ERIC Identifier: ED334311
Publication Date: 1991-04-00 
Author: Darling-Hammond, Linda - Ascher, Carol 
Source: ERIC Clearinghouse on Urban Education New York NY. 

Accountability Mechanisms in Big City School Systems. ERIC/CUE Digest No. 71. 

Accountability has always been a basic concept in public education, although ideas about how to accomplish it have changed. In recent years, the urgent need to improve big city schools has been a powerful incentive to the adoption of new accountability systems. This digest explores the strengths and weaknesses of various accountability tools, the use and misuse of indicators, and ways to create genuine accountability at the school level. 


At least five types of accountability mechanisms may exist alongside each other (Darling-Hammond, 1989): 

Political. School board members and legislators must stand for election. 

Legal. Boards and legislatures enact policies, and courts can hear complaints about schools. 

Bureaucratic. State and district education departments set rules and regulations to ensure that schools meet standards and follow procedures. 

Professional. Teachers and other school staff must acquire specialized knowledge, pass certification exams, and uphold professional standards of practice. 

Market. Parents and students may choose the programs or schools they believe are most appropriate for their needs. 

Over the past few decades American schools have relied most heavily on bureaucratic mechanisms for achieving accountability. Because professional and market accountability tools are currently being proposed as strategies for school improvement, it is important to understand what each of these three offers and what its limits may be. 


Bureaucratic accountability is based on the hope of finding the "one best system" under which all students will be educated. Its strength rests in its possibility to ensure equal and standardized education. Policies are made at the top and handed down to administrators who translate them into procedures for teachers to follow in educating students. This system of accountability does not hold teachers accountable for meeting the individual needs of their students; they can be held accountable only for following standard procedures. 


Unlike bureaucratic accountability, whose goal is uniformity and standardization, professional accountability allows practitioners to make their own decisions about how to meet the educational needs of individual students. This model seeks to ensure that teachers will be highly knowledgeable, competent, and committed to good teaching. Consequently, a professional accountability system must pay particular attention, not only to student progress, but also to policies governing the preparation, certification, selection, and evaluation of teachers and other staff.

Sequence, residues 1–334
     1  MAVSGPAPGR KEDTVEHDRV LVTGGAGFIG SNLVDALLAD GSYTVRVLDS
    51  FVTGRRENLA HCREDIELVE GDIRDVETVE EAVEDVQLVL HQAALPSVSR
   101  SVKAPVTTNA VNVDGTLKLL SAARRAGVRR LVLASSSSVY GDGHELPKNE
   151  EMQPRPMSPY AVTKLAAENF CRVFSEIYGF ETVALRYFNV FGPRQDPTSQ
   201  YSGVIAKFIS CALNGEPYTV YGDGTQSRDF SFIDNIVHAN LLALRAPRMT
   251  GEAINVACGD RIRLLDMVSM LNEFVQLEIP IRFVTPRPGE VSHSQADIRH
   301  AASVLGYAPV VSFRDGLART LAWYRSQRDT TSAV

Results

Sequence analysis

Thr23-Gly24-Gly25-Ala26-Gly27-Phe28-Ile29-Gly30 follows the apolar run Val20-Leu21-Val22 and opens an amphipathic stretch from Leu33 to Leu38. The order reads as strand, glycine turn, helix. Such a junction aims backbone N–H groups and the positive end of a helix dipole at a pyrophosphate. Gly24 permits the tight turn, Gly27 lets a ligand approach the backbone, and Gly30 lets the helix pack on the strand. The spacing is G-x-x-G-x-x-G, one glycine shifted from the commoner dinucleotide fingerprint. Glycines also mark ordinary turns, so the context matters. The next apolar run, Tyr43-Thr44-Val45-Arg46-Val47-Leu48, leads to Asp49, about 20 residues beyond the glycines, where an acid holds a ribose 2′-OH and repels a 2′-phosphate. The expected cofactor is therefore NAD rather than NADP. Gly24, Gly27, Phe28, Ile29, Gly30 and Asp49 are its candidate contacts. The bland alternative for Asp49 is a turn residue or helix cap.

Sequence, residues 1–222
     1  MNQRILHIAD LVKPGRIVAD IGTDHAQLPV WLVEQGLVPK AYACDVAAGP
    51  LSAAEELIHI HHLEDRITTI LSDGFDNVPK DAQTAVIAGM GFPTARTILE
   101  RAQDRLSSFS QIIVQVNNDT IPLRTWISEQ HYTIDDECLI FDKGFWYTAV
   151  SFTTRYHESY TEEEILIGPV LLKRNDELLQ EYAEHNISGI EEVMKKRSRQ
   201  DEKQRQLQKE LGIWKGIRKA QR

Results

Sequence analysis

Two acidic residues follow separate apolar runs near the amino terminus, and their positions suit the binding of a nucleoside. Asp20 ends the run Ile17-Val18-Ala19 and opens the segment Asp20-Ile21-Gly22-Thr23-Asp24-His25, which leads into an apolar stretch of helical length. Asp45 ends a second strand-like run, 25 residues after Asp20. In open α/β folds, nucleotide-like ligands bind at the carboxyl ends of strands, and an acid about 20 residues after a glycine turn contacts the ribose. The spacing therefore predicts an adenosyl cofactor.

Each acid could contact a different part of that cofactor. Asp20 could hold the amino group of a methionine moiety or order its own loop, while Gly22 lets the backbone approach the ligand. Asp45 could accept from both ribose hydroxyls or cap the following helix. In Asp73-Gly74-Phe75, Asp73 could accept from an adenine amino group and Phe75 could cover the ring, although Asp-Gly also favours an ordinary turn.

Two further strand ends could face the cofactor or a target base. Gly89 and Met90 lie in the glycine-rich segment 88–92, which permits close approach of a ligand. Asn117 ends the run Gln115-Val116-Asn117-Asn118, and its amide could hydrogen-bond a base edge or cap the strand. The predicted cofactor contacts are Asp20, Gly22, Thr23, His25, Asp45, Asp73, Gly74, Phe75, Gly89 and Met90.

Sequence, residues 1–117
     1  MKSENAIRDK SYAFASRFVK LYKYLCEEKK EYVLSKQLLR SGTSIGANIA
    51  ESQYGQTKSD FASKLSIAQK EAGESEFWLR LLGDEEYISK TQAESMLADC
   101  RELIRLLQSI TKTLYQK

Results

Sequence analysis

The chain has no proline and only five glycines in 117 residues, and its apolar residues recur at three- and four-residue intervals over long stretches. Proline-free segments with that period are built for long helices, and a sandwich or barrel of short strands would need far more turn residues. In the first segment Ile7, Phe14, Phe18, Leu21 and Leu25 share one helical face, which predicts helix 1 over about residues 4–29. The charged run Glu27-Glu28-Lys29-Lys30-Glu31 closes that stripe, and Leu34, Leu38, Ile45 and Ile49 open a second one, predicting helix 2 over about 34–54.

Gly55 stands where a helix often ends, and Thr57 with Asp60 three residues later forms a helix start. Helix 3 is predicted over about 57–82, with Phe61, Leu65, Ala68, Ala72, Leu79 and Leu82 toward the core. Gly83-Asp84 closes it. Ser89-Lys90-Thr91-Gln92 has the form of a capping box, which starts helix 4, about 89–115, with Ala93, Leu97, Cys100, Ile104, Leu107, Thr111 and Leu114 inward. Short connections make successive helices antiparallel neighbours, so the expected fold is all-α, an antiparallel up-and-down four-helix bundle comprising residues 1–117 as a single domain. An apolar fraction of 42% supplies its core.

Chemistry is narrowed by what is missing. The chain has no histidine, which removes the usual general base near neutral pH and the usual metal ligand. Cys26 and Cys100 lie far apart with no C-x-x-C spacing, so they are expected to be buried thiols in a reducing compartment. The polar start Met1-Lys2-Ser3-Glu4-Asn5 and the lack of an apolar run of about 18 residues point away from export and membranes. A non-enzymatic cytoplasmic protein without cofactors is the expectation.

Magnet schools and other choice plans are based on quasi-market mechanisms. These are supposed to make schools more accountable in two ways. Because "customers" choose schools, (1) schools are expected to work harder to provide services that parents or students want; and (2) problems in undersubscribed schools are revealed, which policymakers can then address. 

Market accountability poses several difficult questions: How can all citizens be guaranteed access to quality schools? How do students and their parents make school choices? What information should schools provide so that students and their parents can be informed consumers of public education? Other than changing schools, what vehicles for communication and redress can parents and students use when the schools do not meet their needs? 


No form of accountability is sufficient by itself to ensure that all students are well served. Because each form of accountability has both strengths and weaknesses, a combination of tools is needed to make schools responsible and responsive. 

In school choice plans, for example, when the most desirable schools are filled, the remaining schools, desirable or not, must serve the rest of the students. If no other public policy mechanisms are in place to support improvements in all schools, choice will not improve education across the board. A different accountability mechanism is needed to regulate and ensure equity. Similarly, if bureaucratic mechanisms are de-emphasized, greater guarantees of staff competence and commitment would need to be provided through professional accountability mechanisms. 

Further, new approaches create new dilemmas that must be resolved. For example, in cases of interdistrict choice, parents lose electoral accountability at the district level when students leave the district in which they reside. Thus, mechanisms must be devised to give parents a voice in their new schools. 

Similarly, school-based management proposals call for local ownership of education and make professionals at the school site primarily accountable, based on the belief that better decisions will be made by those who are closest to the situation. But in a system where significant authority devolves to the school level, how much responsibility should state governments and local districts still carry for students' treatment and achievement? 

In deciding which aspects of education should be relegated to bureaucratic accountability and which should be left to professional accountability, it is useful to distinguish between equity and productivity concerns. Wise and Gendler (1989) argue that equity issues, such as the allocation of resources and guarantees of equal access, can and should be resolved by higher units of governance, accountable to a wider public, and should not be left to the decision of individual teachers or the parents of one school district.